Time's running out!
The Ford government’s first budget had a bit of each when it comes to the environment and climate change in Ontario.
Something old — another acknowledgement that climate change is real but no new initiatives or funding to support last year’s "Made-in-Ontario Environment Plan."
Something new — paralleling the federal government’s recently-announced accelerated capital cost allowance incentive for clean technologies.
Something borrowed — Ontario’s previous greenhouse gas emissions reductions under the Liberals used as credit for the new Progressive Conservative government's argument it is already
Something blue — blue-coloured stickers for gas pumps showing the additional cost of filling up due to a rising federal carbon tax the Ford government is fighting.
Today @VictorFedeli delivered #ONBudget, our plan to protect what matters most and make sure everyone knows Ontario is open for business and open for jobs. We are putting people first by making key investments and restoring fiscal balance in a responsible and sustainable manner. pic.twitter.com/KDWR6BMN8b— Doug Ford (@fordnation) April 12, 2019
The Ontario budget is neither as dramatically geared for austerity as was feared nor as transformational as some might have hoped. The budget theme is “protecting what matters most.” That means what they spend on is a clear indication of their priorities. That priority is clear: balancing the budget. But carefully, over four years. Spread the time to spread the pain.
Signature initiatives are few: a new child care tax credit and dental coverage for low-income seniors. They could just as easily have emerged from a Liberal government.
Health care and education spending increases but at modest inflation-rate levels. With new bargaining demands coming from teachers and overall health care demands consistently growing, this telegraphs a strong whiff of oncoming public discontent.
Clearly, the Ford government wants to avoid discussing the details of its budget in favour of the bigger themes of making Ontario “open for business." Yet, they littered the budget with numerous ‘small bore’ initiatives like a new licence plate design, legal tailgating parties, and making booze available at more retail outlets than ever and earlier than ever — starting at 9 a.m. That’s what they want people to talk about, not whether any new money was put aside for climate action, for example. Shiny bauble politics. Make no mistake, though, there will be pushback.
Populism remains a dominant strain in this government’s political DNA. Premier Ford is forever cutting ribbons and making spending announcements but carefully avoids personal association with anything negative if he can help it. That’s what finance ministers are for.
Is this a distinctly PC budget? After 15 years out of power, that would be hard to define. In fact, it is a hybrid budget of traditional conservatism (focusing on the deficit), latent liberalism (a new child care initiative), and populism (initiatives on alcohol, gambling, carbon tax, and licence plates). Circuses and bread, together.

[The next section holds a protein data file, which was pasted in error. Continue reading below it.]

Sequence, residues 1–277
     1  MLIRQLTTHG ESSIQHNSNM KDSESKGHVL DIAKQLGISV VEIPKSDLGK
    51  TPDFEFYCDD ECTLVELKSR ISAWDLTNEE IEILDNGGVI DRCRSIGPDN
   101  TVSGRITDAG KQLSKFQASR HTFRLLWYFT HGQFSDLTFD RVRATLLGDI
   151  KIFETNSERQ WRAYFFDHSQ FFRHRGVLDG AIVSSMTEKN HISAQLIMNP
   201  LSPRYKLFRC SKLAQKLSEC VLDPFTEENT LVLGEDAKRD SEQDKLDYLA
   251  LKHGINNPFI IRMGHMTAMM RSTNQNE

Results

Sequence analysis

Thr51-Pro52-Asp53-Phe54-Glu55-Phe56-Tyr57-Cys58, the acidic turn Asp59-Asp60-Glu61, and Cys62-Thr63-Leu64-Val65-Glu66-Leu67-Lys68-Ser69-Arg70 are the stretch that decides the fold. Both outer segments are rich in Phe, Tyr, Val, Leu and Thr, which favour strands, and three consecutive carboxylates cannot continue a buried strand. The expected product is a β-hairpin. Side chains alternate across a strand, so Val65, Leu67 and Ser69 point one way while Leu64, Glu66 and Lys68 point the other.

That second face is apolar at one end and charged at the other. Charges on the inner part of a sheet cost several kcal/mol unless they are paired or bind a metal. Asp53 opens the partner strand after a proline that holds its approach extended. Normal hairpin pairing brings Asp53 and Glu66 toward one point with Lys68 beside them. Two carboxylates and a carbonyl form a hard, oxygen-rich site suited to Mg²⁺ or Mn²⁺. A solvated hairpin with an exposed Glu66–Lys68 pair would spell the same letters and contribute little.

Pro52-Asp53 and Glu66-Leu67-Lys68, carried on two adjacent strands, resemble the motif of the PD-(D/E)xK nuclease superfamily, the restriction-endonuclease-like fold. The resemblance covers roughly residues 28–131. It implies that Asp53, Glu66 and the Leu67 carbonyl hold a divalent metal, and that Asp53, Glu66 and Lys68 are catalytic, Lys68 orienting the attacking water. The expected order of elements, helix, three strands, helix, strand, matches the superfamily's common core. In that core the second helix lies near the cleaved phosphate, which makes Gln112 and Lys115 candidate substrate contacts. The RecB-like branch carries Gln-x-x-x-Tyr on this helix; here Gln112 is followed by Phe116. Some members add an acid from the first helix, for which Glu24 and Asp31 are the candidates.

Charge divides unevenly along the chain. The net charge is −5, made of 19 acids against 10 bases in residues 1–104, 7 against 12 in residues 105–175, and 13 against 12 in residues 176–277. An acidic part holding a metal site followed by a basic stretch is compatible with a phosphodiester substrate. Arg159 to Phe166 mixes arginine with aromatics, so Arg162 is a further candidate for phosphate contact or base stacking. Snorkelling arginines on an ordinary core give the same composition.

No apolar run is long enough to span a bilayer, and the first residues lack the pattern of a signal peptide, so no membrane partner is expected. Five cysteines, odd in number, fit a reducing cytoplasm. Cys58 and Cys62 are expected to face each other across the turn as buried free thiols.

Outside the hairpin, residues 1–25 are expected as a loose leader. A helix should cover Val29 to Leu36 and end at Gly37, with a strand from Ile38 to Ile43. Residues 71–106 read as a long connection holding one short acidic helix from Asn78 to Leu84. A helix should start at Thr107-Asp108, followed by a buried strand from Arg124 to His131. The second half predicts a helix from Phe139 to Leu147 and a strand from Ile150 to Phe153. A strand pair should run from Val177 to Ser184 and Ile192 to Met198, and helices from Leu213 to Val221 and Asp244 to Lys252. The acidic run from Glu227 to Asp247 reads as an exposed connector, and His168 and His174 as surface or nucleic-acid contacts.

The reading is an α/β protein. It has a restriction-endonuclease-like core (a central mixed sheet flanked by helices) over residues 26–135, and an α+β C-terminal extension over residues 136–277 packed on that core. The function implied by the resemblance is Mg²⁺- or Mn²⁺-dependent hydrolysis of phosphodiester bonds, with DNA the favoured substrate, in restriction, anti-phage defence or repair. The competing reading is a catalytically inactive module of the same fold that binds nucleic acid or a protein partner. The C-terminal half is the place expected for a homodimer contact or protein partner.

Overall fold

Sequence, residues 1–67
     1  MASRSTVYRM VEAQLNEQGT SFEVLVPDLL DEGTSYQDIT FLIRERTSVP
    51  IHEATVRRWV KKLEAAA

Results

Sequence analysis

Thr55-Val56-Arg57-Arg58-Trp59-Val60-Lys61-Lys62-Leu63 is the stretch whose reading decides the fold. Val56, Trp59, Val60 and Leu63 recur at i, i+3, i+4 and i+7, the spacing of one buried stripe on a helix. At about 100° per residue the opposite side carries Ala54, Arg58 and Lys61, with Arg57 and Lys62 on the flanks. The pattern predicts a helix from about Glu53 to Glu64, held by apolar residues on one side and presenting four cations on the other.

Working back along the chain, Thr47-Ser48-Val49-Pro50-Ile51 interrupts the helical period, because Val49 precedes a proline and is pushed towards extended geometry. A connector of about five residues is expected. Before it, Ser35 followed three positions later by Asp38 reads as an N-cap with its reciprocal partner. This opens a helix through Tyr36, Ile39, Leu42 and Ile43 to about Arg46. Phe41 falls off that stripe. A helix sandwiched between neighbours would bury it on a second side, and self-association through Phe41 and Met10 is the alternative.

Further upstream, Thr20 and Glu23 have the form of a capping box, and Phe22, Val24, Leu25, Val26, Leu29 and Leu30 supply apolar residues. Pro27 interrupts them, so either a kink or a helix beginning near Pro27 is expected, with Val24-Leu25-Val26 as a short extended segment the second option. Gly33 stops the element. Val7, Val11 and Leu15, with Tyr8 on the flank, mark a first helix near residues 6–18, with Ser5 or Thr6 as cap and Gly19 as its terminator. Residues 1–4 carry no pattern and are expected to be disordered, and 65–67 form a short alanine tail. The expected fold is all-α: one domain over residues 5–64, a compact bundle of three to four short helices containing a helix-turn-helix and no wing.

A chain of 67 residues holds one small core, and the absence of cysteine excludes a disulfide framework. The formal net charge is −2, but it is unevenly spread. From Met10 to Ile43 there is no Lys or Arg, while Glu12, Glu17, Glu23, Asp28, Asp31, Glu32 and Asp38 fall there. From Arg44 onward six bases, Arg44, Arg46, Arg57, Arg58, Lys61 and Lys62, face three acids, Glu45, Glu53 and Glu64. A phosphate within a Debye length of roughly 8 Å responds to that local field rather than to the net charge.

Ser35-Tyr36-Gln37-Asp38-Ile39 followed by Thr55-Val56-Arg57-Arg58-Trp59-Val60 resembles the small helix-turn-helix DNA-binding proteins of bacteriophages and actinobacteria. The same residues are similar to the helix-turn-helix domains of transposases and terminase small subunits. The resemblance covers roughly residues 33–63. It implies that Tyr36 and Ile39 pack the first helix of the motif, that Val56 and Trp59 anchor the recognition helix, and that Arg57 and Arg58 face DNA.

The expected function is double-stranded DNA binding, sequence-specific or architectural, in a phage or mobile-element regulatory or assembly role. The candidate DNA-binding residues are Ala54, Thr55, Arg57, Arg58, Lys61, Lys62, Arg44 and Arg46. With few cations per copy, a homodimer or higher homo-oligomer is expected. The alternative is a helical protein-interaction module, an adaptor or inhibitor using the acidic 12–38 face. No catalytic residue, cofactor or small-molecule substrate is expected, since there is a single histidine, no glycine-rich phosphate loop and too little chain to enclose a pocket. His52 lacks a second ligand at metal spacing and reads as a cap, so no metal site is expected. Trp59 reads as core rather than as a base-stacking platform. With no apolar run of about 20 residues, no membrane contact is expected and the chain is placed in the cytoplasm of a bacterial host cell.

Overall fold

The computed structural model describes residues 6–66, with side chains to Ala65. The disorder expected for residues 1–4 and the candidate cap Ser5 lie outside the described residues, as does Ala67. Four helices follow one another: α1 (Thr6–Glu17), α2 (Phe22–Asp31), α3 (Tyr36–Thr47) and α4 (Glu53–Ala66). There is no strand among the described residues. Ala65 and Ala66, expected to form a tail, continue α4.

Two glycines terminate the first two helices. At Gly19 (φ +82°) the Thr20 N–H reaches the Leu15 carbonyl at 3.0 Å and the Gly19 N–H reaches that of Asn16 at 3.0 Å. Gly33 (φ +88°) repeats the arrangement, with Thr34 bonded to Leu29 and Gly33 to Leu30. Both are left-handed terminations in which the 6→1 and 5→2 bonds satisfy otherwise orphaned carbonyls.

The Ford government took the politically careful step of punting an actual balanced budget to their second term. But that is based on optimistic projections of growth and tax revenues including, counterintuitively, raising increased revenue through more modest economic growth forecasts than were actually realized when the Liberals were in power. Even their spending restraint was helped along by a $2.65 billion increase in unexpected revenues from last fiscal year.
Plus, a hope that the global economy does not tank in the interim.
How “protecting what matters most” applies to climate change and the environment is revealing. For starters, the environment department’s budget was cut to an even lower level than under the Liberal government’s last budget. The climate plan received no designated funding to give it effect. Climate plan initiatives, once showcased under the previous Liberal government, have dropped so far under the budget radar you need sonar to find them. But, at least, they’re there:
- A province-wide climate vulnerability assessment — important and overdue
- Clean technology incentives — basically tying into federal policy which is required under a harmonized tax system
- Industrial emissions performance standards — regulations to come via a consultation process now underway.
The good news, therefore, is that the government appears committed to what it already announced. Nothing added but nothing subtracted either. The question now becomes, when do they act and how much money will they actually commit to it?
Populism and climate change discomfort resides in this budget. When it comes to the words “climate change”, Ford’s Progressive Conservatives would rather you heard the words “carbon tax.” 'Carbon tax' is mentioned 73 times in the budget, climate change 16 times. At the same time they are railing against the federal carbon tax, they are demanding approval — in the form of equivalency — from the federal government for its emissions performance standards for Ontario industry.
In short, this budget reinforces the current carbon and climate "phoney war" now being fought across Canada between conservative provincial governments and the Liberal federal government. It seems clear that it will take the federal election this fall (and perhaps a court case or two in Saskatchewan and Ontario) to truly determine the pace and scale of climate action in the country. Ontario is content not to lead the way.
That, in fact, is the key takeaway from this budget. Ford’s government will take a leading role in talking tough in the federation but act more modestly and inwardly on managing its own affairs, if this budget is any guide.
Ontario’s licence plate is changing from “Yours to Discover” to “A Place to Grow,” a new tagline from an old refrain from a borrowed song on an all-blue background.
Something old, new, borrowed, and blue. Doug Ford’s Ontario.